Click to Read Edward James Eliot's Will

Broomfield House, a place of such history and pride, is no more. And before moving on with the story of Edward James Eliot of Port Eliot, it's interesting to document the final years of this edifice, behind whose walls two such great heroes worked and lived.

One year after her father's death, twelve-year-old Harriet Hester received a kind letter from Mr. Wilberforce. He had invited her to visit him at Broomfield, though circumstances had not permitted it — of which he was glad, because he worried that being in her old house might have affected her too much. (Obviously, she and her father had been very happy there.)

After years of being a quiet and private haven to a gentle hero "who loved the shade", Broomfield became the true center of Thornton's "Clapham System", after becoming the home of the most public hero of the group. To this house has been accorded the honour of being undoubtedly called "the place where the abolition of the slave trade was brought about", as well as being the spot where the most famous anti-slavery petition was signed. That another claim to fame may not be forgotten, mention should be made of its being the foundation place of the Church Missionary Society, formed there in 1798. It was recorded that "to Clapham the throng of petitioners flocked. His rooms were filled by crowds, which beset his table and overflowed into his verandah and garden; they came from every quarter, of every creed and tongue." It is unlikely that any famous philanthropist or politician of the era did not, at some time or other, pass through the threshold of this unimposing house.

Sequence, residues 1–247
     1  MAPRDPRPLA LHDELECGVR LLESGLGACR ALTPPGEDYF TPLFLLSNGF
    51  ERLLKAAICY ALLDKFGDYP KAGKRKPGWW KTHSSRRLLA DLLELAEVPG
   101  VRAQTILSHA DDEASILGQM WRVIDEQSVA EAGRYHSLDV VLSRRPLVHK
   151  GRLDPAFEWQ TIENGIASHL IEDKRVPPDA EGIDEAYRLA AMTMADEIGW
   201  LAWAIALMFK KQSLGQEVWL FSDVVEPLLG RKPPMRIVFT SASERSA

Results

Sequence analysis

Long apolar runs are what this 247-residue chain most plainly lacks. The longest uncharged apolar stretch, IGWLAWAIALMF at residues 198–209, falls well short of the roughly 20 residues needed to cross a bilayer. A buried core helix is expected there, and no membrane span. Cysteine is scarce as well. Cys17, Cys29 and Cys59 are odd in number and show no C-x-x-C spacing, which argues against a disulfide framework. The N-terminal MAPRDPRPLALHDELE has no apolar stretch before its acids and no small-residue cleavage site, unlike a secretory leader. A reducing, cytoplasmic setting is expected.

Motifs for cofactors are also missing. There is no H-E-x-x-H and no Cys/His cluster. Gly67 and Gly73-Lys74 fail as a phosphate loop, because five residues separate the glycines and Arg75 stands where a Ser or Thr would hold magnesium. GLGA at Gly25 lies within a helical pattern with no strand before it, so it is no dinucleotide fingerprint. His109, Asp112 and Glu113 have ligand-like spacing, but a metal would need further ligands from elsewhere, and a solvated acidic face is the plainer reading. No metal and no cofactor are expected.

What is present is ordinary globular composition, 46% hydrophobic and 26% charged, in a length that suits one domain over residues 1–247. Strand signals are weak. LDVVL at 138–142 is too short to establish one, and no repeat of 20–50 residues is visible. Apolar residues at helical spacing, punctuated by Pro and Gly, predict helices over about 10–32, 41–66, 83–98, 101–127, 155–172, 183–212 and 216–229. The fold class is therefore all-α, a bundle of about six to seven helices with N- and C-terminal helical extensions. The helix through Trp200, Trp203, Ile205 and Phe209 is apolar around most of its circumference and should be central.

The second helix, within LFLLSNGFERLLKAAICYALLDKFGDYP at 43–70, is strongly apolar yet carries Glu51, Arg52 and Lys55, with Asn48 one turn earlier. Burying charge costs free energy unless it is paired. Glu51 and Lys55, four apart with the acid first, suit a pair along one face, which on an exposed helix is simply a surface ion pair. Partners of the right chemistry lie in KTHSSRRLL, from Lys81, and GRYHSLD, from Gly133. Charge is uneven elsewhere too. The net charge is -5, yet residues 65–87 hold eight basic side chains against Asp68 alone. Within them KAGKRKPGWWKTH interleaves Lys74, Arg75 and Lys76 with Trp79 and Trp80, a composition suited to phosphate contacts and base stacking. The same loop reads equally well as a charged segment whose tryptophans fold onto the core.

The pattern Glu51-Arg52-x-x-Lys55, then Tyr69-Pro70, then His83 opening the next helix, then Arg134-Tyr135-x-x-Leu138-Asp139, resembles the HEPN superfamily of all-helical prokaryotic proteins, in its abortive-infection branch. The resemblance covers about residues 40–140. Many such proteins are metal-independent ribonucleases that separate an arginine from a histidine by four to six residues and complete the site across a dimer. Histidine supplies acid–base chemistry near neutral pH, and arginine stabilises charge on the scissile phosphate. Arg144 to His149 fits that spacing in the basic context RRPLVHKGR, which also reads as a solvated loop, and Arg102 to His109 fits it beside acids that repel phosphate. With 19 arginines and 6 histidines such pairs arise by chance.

Broomfield Lodge, Clapham (aka Broomwood, c. 1870s)